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Figure 9. The foaming window of PLA samples with using a batch method, where the treatment pressure was 6.89 MPa. The average time for the crystallization equilibrium of PLA was 30 min.
Figure 9. The foaming window of PLA samples with using a batch method, where the treatment pressure was 6.89 MPa. The average time for the crystallization equilibrium of PLA was 30 min.
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Figure 10. The cell morphology of PLA foams after saturation at 6.89 MPa at different times.
Figure 10. The cell morphology of PLA foams after saturation at 6.89 MPa at different times.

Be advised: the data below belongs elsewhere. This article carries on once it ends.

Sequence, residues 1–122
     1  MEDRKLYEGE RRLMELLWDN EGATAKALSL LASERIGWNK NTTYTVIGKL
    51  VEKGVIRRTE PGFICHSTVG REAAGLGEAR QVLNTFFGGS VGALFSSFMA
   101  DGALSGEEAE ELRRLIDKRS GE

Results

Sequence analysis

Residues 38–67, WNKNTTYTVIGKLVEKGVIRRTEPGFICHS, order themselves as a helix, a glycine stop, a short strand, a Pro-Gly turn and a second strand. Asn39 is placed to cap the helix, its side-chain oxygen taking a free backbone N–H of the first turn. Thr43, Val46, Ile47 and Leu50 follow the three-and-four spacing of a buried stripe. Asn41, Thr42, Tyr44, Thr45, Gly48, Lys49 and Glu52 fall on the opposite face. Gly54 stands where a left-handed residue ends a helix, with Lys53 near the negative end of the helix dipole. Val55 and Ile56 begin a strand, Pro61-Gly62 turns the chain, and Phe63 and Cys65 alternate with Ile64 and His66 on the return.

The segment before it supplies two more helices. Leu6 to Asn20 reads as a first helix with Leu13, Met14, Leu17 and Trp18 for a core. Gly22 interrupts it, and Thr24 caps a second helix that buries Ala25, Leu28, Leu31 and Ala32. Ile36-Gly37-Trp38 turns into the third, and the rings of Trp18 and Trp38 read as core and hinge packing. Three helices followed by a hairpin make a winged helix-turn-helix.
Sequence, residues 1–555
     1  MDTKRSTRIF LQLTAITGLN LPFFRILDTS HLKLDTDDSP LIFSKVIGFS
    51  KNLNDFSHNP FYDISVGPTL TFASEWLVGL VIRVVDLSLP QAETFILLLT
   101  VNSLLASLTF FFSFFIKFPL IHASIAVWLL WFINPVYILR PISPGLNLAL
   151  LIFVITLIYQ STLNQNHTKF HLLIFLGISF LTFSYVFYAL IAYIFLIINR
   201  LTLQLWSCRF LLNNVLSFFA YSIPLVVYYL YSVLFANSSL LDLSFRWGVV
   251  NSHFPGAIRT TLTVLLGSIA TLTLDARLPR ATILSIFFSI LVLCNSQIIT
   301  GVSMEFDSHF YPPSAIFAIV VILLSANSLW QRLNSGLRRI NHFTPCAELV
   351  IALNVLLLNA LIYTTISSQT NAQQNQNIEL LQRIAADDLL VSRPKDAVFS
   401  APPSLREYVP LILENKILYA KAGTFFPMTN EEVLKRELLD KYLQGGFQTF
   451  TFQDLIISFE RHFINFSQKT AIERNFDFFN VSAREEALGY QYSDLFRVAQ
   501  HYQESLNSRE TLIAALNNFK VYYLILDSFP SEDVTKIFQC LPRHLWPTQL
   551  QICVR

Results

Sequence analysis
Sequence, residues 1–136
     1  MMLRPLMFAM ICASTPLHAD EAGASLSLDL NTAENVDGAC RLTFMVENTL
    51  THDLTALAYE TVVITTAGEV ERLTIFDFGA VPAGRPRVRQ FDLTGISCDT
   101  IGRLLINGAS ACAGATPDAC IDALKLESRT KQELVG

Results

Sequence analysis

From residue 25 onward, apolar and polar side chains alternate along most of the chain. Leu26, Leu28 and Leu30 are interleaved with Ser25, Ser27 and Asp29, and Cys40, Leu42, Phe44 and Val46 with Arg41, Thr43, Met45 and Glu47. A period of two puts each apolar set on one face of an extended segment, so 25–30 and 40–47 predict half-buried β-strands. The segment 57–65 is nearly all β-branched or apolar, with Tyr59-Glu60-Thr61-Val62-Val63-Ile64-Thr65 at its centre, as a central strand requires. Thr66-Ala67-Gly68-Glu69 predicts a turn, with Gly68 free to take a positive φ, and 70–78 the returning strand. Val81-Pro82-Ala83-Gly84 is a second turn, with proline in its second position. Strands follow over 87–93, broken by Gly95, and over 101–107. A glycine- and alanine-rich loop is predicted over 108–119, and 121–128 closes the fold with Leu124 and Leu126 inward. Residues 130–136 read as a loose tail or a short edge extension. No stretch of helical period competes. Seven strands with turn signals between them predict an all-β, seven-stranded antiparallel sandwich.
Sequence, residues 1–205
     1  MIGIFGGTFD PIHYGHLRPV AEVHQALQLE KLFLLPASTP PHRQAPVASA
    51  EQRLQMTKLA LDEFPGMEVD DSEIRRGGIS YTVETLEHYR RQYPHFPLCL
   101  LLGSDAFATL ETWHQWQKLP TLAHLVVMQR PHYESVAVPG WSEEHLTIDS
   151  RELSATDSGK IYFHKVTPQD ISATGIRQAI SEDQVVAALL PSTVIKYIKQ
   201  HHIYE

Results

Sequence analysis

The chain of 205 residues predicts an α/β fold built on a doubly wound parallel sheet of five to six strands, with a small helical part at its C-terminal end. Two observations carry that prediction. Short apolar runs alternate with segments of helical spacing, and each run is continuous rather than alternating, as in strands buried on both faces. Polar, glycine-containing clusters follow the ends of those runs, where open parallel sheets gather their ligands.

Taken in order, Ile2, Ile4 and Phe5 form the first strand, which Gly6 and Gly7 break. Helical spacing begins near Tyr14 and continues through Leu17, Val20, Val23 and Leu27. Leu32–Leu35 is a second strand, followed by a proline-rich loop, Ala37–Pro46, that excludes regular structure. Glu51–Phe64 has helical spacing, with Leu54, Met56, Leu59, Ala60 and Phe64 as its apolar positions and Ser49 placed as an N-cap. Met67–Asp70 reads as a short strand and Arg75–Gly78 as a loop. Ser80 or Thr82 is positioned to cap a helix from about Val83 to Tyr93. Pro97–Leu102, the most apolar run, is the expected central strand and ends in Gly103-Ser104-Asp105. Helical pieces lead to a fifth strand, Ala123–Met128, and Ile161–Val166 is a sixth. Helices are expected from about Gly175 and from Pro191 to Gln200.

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Figure 11. The expansion ratio of PLA foams after saturation at 6.89 MPa and 100 °C at different times.
Figure 11. The expansion ratio of PLA foams after saturation at 6.89 MPa and 100 °C at different times.
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MDPI and ACS Style

Zhai, W.; Ko, Y.; Zhu, W.; Wong, A.; Park, C.B. A Study of the Crystallization, Melting, and Foaming Behaviors of Polylactic Acid in Compressed CO2. Int. J. Mol. Sci. 2009, 10, 5381-5397.

AMA Style

Zhai W, Ko Y, Zhu W, Wong A, Park CB. A Study of the Crystallization, Melting, and Foaming Behaviors of Polylactic Acid in Compressed CO2. International Journal of Molecular Sciences. 2009; 10(12):5381-5397.

Chicago/Turabian Style

Zhai, Wentao, Yoorim Ko, Wenli Zhu, Anson Wong, and Chul B. Park. 2009. "A Study of the Crystallization, Melting, and Foaming Behaviors of Polylactic Acid in Compressed CO2" International Journal of Molecular Sciences 10, no. 12: 5381-5397.